Lean Production is a philosophy of Process Management which is derived from the Toyota Production System (TPS) and from other sources.
It is known for having placed its emphasis on the reduction of the “seven wastes” to improve customer value. Once the work of added-value has been separated from the waste, the waste can be divided into “what should be done but does not add value” and pure waste. The clear identification of the “work of non-value added”, as distinct from waste or work, it is crucial to identify existing conditions and believe that should be confronted and challenged in the future. The steady growth of Toyota, from a small player to become the largest automobile company, and with more value to the world, has focused attention on how it managed to do it, making “Lean Production” a hot topic of Managerial Sciences at the beginning of the 21st century.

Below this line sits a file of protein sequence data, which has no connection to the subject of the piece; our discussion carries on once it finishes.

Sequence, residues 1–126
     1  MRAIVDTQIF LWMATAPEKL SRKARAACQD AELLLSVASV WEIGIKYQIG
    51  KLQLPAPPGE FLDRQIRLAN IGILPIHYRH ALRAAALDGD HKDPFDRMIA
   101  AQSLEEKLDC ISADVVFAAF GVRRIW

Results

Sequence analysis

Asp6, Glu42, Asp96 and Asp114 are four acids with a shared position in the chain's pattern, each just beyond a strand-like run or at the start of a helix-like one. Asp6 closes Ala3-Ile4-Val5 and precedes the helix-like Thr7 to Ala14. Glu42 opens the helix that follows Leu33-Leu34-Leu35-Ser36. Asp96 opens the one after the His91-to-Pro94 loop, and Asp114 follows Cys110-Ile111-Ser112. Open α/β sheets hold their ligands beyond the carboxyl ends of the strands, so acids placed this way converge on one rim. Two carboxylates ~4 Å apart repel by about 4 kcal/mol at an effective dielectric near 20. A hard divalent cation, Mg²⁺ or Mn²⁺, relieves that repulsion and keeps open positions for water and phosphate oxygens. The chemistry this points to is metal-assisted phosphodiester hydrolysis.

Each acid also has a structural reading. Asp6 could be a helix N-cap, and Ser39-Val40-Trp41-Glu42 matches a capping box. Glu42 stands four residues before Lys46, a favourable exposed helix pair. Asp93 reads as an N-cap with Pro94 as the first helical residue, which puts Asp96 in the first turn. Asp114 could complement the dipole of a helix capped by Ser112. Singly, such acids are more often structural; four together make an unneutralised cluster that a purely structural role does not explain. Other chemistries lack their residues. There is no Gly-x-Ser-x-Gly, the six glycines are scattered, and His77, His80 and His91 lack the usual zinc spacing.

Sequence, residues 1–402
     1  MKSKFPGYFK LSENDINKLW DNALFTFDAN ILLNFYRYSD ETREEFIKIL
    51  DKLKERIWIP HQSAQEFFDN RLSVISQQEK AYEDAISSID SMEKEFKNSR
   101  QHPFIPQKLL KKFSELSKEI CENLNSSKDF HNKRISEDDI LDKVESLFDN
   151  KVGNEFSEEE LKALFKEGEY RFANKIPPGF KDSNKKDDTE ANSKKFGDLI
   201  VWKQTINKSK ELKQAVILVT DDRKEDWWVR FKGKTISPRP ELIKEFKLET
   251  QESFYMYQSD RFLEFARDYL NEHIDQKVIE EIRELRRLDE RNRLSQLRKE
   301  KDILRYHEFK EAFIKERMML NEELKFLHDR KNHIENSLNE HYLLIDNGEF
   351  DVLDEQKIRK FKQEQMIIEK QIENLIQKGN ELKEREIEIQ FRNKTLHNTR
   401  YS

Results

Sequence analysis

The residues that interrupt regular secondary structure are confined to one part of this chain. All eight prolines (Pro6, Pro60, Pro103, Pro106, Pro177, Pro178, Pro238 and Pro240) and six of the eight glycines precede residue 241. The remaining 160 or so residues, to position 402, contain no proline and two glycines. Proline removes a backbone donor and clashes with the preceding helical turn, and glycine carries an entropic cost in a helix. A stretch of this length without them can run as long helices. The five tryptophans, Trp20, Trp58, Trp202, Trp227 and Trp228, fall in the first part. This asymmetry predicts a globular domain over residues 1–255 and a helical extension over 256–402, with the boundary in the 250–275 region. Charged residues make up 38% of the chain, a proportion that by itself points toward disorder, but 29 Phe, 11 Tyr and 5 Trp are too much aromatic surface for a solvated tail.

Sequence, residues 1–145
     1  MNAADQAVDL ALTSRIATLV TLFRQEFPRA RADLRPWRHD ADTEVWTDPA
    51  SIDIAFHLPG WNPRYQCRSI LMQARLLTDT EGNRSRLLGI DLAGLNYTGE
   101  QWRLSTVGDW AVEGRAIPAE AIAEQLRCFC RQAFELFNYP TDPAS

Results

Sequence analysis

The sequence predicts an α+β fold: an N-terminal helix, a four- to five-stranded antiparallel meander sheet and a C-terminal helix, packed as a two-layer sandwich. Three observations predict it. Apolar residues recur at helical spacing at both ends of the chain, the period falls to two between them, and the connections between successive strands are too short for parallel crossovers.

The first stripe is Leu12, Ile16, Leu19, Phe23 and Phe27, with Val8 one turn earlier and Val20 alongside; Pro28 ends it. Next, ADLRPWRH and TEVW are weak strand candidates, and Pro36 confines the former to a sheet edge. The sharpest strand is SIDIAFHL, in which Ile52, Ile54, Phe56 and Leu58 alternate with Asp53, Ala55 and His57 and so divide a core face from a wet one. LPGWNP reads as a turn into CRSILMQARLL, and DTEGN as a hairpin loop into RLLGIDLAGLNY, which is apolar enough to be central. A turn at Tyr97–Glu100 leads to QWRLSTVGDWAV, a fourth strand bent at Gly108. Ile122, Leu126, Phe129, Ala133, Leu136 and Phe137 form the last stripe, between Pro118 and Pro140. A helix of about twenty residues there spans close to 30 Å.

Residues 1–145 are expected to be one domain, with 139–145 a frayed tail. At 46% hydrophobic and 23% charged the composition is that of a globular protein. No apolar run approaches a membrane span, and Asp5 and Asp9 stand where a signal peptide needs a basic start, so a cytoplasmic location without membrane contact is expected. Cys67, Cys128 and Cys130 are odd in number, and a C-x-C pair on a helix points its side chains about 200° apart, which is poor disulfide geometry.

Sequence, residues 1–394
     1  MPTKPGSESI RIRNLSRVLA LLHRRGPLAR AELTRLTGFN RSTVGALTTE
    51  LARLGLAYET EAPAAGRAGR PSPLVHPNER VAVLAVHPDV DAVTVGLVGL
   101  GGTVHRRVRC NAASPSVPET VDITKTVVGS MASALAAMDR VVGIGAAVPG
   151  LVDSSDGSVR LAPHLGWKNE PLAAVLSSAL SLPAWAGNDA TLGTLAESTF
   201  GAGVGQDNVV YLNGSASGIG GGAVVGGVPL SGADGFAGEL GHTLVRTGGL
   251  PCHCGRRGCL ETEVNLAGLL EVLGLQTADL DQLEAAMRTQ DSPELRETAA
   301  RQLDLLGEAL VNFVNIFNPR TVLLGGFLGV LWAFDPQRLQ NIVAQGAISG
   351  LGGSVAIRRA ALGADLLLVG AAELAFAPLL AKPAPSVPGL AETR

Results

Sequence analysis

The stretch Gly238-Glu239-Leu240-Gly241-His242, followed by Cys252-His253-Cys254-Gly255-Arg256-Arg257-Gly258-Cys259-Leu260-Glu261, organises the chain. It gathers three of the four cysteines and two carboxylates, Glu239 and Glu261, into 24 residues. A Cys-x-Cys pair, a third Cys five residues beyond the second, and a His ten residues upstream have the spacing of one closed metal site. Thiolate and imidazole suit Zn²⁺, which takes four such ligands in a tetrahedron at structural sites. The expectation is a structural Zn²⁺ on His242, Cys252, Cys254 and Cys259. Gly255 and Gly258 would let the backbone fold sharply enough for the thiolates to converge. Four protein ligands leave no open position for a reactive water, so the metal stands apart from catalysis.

For many people Lean Production is a set of tools that assist in the identification and steady elimination of waste: the quality has improved, the time and the production costs are reduced. To solve the problem of waste, Lean Production has various tools at its disposal. These include Kaizen (continuous process improvement), the “5 S”, the “5 Why?” and Poka-Yoke (anti-errors).
There is a second approach to Lean Production (sponsored by Toyota) in which the focus is placed on improving the “flow” of the work (Walls) through the system and not just with the reduction. The techniques used to improve flow include production leveling, Kanban (Pull management technique) and the Heijunka box.
The difference between these two approaches is not the goal to be achieved but the way that we use to achieve it. The implementation of a smooth flow exposes quality problems that have always existed, and the reduction of waste is its natural consequence. The advantage of this approach is that it takes a wide view of the system.